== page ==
This case presents an issue of first impression in the First Circuit.   The only case in this Circuit to have addressed this issue, albeit indirectly, is Reyes v. Supervisor of the DEA, 834 F.2d 1093 (1st Cir.1987).   In that case, we held that “the court below did not commit reversible error by refusing to exercise its equitable discretion to expunge Reyes' files.   That power is a narrow one, and has been used more often to expunge records of unconstitutional convictions.”  Id. at 1098 (citation omitted).   Although this holding assumes that courts are empowered to order expungement based on equitable considerations, the question of the district court's jurisdiction to order the expungement was not squarely before the court.   We must now determine whether a district court has ancillary jurisdiction to adjudicate a motion to expunge criminal records based purely on equitable grounds.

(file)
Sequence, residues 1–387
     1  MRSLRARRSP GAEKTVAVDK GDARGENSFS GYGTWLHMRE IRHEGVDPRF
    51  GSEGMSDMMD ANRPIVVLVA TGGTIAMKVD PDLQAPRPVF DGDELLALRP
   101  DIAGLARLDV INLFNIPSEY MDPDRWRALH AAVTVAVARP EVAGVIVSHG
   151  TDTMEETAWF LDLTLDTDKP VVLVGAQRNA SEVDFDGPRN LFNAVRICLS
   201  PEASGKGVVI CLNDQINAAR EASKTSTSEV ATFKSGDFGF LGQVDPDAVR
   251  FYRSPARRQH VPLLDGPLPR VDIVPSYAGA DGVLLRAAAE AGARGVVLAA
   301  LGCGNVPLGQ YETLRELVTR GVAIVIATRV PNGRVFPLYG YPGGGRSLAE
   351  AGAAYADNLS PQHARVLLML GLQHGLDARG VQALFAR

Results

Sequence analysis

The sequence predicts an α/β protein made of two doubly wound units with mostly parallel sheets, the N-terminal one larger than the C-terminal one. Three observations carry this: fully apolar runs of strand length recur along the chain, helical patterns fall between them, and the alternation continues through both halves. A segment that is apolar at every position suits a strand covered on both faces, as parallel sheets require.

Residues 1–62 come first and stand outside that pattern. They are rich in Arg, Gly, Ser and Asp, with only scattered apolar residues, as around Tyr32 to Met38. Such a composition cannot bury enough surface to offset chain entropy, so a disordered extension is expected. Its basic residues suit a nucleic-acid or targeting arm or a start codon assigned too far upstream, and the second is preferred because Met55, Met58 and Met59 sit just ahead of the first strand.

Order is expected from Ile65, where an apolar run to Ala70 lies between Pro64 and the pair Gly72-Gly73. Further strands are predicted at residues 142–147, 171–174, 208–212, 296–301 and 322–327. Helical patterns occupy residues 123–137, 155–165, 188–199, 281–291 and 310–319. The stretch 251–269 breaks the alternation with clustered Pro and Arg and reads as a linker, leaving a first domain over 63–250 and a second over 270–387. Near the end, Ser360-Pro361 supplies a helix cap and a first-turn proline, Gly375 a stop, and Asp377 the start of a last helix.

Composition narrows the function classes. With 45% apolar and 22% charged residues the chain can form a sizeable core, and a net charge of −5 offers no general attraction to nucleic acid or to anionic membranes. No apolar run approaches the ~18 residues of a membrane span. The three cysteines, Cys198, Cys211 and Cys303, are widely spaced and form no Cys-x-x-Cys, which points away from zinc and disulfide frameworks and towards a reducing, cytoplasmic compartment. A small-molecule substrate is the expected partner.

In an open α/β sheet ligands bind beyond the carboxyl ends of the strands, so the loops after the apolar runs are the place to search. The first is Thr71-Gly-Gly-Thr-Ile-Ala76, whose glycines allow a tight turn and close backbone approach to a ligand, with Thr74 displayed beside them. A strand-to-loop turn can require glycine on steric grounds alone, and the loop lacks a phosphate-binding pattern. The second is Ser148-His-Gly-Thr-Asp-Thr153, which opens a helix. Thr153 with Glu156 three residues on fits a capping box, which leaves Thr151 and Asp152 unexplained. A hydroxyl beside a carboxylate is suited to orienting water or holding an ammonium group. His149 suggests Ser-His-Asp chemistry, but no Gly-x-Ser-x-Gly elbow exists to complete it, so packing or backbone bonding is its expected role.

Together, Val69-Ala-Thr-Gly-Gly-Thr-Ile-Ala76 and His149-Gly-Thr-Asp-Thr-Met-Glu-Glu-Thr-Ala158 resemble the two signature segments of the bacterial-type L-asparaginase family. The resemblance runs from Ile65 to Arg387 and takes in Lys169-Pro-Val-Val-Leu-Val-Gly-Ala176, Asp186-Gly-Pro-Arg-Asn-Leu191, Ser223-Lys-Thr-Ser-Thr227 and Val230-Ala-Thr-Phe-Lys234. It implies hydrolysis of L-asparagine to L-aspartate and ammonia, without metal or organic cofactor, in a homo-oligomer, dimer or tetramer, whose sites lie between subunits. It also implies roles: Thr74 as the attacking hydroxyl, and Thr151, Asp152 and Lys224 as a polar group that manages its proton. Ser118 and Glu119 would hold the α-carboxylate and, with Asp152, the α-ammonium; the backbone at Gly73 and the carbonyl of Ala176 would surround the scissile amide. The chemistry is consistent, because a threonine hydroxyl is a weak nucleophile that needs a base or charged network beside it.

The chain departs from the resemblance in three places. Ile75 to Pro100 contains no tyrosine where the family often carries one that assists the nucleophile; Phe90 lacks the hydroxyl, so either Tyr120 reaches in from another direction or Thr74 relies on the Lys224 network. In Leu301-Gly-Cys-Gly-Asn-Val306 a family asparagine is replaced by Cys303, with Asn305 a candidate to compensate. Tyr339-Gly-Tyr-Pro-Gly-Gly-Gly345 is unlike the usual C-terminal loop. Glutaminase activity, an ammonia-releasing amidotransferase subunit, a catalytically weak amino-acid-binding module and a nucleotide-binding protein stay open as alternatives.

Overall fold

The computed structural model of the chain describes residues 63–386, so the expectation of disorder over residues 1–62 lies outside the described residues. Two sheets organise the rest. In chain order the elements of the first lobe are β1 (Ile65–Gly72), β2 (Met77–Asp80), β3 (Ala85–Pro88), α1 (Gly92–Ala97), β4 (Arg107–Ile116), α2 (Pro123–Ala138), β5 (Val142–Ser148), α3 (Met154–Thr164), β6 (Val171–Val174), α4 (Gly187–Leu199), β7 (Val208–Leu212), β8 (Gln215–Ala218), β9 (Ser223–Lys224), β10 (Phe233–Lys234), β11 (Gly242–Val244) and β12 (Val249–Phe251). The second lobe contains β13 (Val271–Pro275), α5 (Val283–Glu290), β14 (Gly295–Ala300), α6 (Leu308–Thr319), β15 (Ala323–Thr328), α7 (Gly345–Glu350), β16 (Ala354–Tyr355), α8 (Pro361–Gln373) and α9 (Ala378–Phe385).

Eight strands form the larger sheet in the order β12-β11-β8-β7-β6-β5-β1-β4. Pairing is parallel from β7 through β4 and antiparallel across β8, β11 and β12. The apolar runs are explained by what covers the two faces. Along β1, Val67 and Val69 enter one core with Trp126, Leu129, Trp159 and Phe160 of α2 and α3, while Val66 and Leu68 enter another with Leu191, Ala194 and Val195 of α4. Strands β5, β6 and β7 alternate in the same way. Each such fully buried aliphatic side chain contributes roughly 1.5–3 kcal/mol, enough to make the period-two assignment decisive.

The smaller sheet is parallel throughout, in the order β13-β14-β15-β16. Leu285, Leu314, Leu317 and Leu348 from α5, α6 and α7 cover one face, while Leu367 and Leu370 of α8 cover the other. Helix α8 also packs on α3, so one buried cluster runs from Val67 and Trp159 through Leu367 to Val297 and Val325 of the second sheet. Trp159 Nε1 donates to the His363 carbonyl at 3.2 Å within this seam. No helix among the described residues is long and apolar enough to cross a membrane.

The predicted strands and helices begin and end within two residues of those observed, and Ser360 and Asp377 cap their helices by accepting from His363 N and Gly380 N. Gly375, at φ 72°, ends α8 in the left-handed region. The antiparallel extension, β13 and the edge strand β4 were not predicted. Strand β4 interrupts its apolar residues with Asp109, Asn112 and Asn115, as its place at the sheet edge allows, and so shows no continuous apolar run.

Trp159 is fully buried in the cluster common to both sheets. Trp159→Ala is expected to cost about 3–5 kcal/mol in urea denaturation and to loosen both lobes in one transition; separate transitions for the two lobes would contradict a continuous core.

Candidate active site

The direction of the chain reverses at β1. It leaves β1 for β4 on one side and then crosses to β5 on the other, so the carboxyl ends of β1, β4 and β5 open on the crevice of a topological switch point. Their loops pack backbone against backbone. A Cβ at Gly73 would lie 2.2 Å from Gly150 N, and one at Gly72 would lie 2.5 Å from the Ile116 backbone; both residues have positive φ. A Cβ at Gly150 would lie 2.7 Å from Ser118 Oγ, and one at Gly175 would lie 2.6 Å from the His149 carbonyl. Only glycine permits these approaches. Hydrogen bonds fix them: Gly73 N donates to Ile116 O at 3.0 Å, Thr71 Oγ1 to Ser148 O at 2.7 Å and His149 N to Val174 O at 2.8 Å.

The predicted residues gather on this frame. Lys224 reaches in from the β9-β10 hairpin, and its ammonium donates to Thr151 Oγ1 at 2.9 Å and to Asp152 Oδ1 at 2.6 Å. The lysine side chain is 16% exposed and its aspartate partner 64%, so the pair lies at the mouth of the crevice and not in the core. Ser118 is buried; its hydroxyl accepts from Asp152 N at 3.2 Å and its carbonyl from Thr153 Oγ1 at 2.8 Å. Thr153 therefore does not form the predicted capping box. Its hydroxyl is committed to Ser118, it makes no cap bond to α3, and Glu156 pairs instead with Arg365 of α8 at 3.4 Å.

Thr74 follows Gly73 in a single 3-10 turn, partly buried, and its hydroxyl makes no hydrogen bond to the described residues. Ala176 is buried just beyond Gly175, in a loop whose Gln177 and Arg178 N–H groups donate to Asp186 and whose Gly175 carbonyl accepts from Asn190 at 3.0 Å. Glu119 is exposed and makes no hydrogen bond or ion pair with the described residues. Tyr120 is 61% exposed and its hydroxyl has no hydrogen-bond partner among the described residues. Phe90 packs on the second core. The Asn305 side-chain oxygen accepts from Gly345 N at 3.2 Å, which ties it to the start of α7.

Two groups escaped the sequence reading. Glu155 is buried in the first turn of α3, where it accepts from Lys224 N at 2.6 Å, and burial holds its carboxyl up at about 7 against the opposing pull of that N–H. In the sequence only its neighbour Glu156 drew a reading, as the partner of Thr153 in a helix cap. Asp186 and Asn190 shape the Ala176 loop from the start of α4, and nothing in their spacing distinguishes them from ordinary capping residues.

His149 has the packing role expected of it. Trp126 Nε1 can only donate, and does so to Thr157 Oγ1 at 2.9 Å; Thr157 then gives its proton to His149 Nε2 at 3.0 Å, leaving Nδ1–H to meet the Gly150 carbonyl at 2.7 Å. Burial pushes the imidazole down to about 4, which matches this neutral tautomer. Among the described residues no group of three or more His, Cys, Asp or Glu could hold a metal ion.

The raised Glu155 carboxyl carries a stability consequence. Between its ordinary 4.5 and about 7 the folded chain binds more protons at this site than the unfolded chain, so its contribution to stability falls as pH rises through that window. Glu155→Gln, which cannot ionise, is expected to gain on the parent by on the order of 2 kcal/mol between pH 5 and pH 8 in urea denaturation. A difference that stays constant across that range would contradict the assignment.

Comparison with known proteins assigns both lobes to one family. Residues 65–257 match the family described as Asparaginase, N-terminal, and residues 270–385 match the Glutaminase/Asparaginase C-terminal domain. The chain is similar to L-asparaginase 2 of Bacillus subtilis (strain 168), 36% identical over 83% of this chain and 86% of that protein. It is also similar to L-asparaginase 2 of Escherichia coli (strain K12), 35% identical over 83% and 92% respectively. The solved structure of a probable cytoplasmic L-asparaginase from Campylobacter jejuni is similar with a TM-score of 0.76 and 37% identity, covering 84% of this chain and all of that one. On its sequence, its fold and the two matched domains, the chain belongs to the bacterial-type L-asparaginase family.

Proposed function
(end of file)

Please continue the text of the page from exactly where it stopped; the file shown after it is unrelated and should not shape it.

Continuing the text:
A district court has original jurisdiction over “all offenses against the laws of the United States.”  18 U.S.C. § 3231.   We have held that “[o]nce subject-matter jurisdiction has properly attached, courts may exceed their authority or otherwise err without loss of jurisdiction.”  Prou v. United States, 199 F.3d 37, 45 (1st Cir.1999).   However, by providing for a deadline for notices of appeal from a court's judgment, Rule 4(b) of the Federal Rules of Appellate Procedure “is a jurisdictional limitation upon the powers of the district court after a judgment of conviction has been entered.”  United States v. Sumner, 226 F.3d 1005, 1013 (9th Cir.2000) (citing 18 U.S.C. § 3562(b);  United States v. Dumont, 936 F.2d 292, 295 (7th Cir.1991)).   Still, a district court may assert ancillary jurisdiction “to adjudicate claims and proceedings related to a claim that is properly before the court.”   Black's Law Dictionary 868 (8th ed.2004);  see also United States v. Dunegan, 251 F.3d 477, 478-79 (3d Cir.2001) (“A federal court invokes ancillary jurisdiction as an incident to a matter where it has acquired jurisdiction of a case in its entirety and, as an incident to the disposition of the primary matter properly before it. It may resolve other related matters which it could not consider were they independently presented.”).